Steelhead fishing series #7

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Steelhead fishing series

"British Columbia Steelhead, Extinct or Extirpated?"

with Barry M. Thornton

The drastic need in 1998 to place angling closures on east coast Vancouver Island streams because of the extreme low numbers of steelhead is a major example of the serious situation facing all British Columbia steelhead. In 1997 some east coast V.I. rivers were closed to angling when B.C. Fisheries staff, doing annual number count swims, located very few fish in these rivers. In fact, in some streams less than ten fish were spotted during times when major runs of fish should have been in the streams. Late 1997 swims provided a major wake-up call when in some cases even fewer fish were spotted. It is definitely a time to address the specific needs of these and other British Columbia steelhead races.

British Columbia has two lists of threatened wildlife species. The first, the "RED LIST" shows those wildlife species which "... are candidates for legal designation as endangered or threatened." The second list, the "BLUE LIST" shows those species which "... are considered to be vulnerable or sensitive."

Some of the species more commonly known on the RED LIST include; Pacific Giant Salamander, Northern Goshawk, Sage Grouse, Spotted Owl, Vancouver Island Marmot, Sea Otter and Dall's Sheep. The RED LIST totals 64 separate species.

The BLUE LIST total 87 separate species. Some of those more commonly known include the Western Rattlesnake, Great Blue Heron, Trumpeter Swan, Bald Eagle, Barn Owl, Steller's Jay (British Columbia's official bird), Wolverine, Grizzly Bear and Vancouver Island's Roosevelt Elk.

But, while these species are very carefully managed and in many cases completely protected, where is the red or blue list of "endangered or threatened," "vulnerable or sensitive" summer and winter steelhead species? It is a known fact that almost all Vancouver Island rivers and streams (over 300 complex watersheds) once held viable populations of summer and winter steelhead. We also know that many V.I. creeks once had populations of winter steelhead along with resident and anadromous cutthroat trout. In many cases these viable populations consisted of adult returns of only a few hundred fish but, these were evolutionary totals which nature considered sufficient for these stream specific races.

Scientists now recognize that steelhead in every watershed are unique. They have evolved to perfectly fit those specific natural selections of high and low water flow, geological features, aquatic food species, and chemicals which are unique to that river. This complex
individual watershed environment has created a separate and genetically different: Gold River steelhead, Campbell River steelhead, Puntledge River steelhead, Stamp River steelhead, Nanaimo River steelhead, Cowichan River steelhead, and so on, throughout every British Columbia watershed.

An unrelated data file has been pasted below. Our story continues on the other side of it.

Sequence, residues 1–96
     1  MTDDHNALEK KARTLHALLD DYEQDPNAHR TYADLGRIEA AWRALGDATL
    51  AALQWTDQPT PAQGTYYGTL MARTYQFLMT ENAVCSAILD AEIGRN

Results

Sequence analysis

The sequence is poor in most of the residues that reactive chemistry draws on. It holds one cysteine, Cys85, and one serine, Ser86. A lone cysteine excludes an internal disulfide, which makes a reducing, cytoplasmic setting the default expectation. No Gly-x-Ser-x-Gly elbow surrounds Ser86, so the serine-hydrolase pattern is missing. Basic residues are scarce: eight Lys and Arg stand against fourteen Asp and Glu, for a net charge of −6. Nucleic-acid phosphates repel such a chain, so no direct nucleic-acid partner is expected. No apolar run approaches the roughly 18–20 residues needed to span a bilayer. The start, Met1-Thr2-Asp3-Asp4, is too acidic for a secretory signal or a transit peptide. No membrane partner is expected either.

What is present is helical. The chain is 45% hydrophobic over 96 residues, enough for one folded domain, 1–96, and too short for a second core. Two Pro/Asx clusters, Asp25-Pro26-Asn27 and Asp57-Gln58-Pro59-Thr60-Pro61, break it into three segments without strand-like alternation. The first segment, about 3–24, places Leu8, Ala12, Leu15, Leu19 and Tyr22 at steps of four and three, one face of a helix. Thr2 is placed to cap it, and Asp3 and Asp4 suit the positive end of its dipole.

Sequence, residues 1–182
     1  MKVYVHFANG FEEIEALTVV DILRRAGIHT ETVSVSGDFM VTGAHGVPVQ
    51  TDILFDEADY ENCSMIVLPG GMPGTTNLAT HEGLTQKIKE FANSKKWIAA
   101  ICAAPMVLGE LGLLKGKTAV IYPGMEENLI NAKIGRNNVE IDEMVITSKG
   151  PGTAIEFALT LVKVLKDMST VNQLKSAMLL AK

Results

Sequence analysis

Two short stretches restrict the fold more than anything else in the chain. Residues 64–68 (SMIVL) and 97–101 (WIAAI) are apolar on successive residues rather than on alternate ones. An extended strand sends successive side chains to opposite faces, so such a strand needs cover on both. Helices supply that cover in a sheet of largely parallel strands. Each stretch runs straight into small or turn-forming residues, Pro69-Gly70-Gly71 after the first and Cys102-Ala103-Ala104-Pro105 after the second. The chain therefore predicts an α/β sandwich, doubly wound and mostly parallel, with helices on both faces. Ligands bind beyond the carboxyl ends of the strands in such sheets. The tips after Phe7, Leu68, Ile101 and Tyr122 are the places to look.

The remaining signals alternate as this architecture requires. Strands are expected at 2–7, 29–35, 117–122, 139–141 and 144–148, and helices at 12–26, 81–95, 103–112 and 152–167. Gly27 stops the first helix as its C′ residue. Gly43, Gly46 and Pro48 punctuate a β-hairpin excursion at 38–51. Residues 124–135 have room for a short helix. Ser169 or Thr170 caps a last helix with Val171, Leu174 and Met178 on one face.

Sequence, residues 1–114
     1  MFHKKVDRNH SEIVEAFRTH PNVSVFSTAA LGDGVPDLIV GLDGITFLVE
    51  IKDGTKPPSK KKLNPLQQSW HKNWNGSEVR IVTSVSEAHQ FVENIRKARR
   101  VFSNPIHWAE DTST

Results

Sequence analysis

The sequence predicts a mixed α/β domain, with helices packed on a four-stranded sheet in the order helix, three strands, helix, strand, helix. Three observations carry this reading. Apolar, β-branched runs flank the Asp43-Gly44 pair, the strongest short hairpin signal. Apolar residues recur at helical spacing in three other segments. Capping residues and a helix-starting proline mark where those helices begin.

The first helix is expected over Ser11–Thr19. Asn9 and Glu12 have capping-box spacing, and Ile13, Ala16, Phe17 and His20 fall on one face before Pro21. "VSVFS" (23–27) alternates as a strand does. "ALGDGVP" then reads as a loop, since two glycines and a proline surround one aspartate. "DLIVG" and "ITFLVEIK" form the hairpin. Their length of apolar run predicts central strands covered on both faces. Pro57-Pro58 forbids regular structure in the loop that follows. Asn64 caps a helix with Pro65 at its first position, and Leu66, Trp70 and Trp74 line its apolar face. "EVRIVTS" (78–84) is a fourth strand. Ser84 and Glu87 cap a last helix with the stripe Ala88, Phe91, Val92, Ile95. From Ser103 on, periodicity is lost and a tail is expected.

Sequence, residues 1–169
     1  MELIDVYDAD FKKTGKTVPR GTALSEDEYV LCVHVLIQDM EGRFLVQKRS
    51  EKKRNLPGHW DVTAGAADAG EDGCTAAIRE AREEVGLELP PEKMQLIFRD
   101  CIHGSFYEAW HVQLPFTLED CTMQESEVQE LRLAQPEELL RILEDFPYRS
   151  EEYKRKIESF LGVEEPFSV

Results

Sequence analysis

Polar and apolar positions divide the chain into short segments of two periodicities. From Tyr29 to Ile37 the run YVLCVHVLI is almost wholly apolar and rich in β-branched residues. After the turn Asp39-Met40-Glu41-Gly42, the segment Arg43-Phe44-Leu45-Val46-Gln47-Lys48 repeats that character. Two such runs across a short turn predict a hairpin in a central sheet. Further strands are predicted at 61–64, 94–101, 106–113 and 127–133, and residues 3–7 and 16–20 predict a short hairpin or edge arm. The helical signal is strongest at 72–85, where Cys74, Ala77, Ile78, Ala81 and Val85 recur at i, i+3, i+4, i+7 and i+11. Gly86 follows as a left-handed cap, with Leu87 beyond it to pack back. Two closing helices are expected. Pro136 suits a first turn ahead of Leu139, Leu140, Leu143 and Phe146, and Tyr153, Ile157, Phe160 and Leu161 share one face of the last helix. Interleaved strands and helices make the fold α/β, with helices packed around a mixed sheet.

The beauty and survival of the English language lies in the fact that we do have words which express precisely and completely emotions, facts and situations. One such word is extirpated. It means, to eradicate or to destroy wholly. In the case of British Columbia steelhead it is my fear that there is an acceptance of individual stream steelhead eradication for the concept exists that there is always another river where we can find steelhead. Such is the case with British Columbia's unique river steelhead. Yes, they have been eradicated, and, in some cases destroyed wholly. I would prefer to suggest, as have some fisheries biologists, that we have not only destroyed some steelhead races wholly, we have caused the actual extinction of individual unique river species.

The word extinct means, to exterminate, no longer existing. Many would say that this is the actual state of our unique river races of steelhead; they no longer exist! Hatchery programs have been used to add steelhead to river systems where this extinction has occurred but, it has become necessary to continue yearly these hatchery or 'urban' fish plantings simply because hatchery steelhead seem unable to re-populate
these rivers on their own.

In the United States, according to Art Tautz, B.C. Fisheries Research Director, genetically unique fish stocks are listed as a specific species and hence can come under the protection of the U.S. Endangered Species Act. Canada has not gone that far yet but, Tautz feels that most fisheries scientists feel that the U.S. model is the way to go.

The last two decades has seen such a dramatic decrease in steelhead stocks throughout B.C. that it is obvious that dramatic intervention is needed to protect those few that remain. The very least should be a designation on the B.C. endangered and threatened RED LIST. The more rational and comprehensive change should be a recognition that every river's steelhead races, summer and winter, must be considered unique and
they must be managed and protected site specific to that race's watershed.

Unfortunately, B.C. steelhead have few champions, few river guardians who are able to affect the necessary changes required to protect those 'wild' races that remain. The one organization that has championed these fish for the past three decades, the Steelhead Society of B.C., has done much to bring sane management to our watersheds. But, they are but one voice in what we now know is a complex problem which reaches as far as the
middle of the vast Pacific Ocean. Legislation to protect each race is a necessary starting point. This can be done if we recognize that steelhead are the barometer of healthy streams and that each watersheds individual steelhead race is unique.

© Copyright Barry M. Thornton

Barry M. Thornton

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Steelhead fishing series #7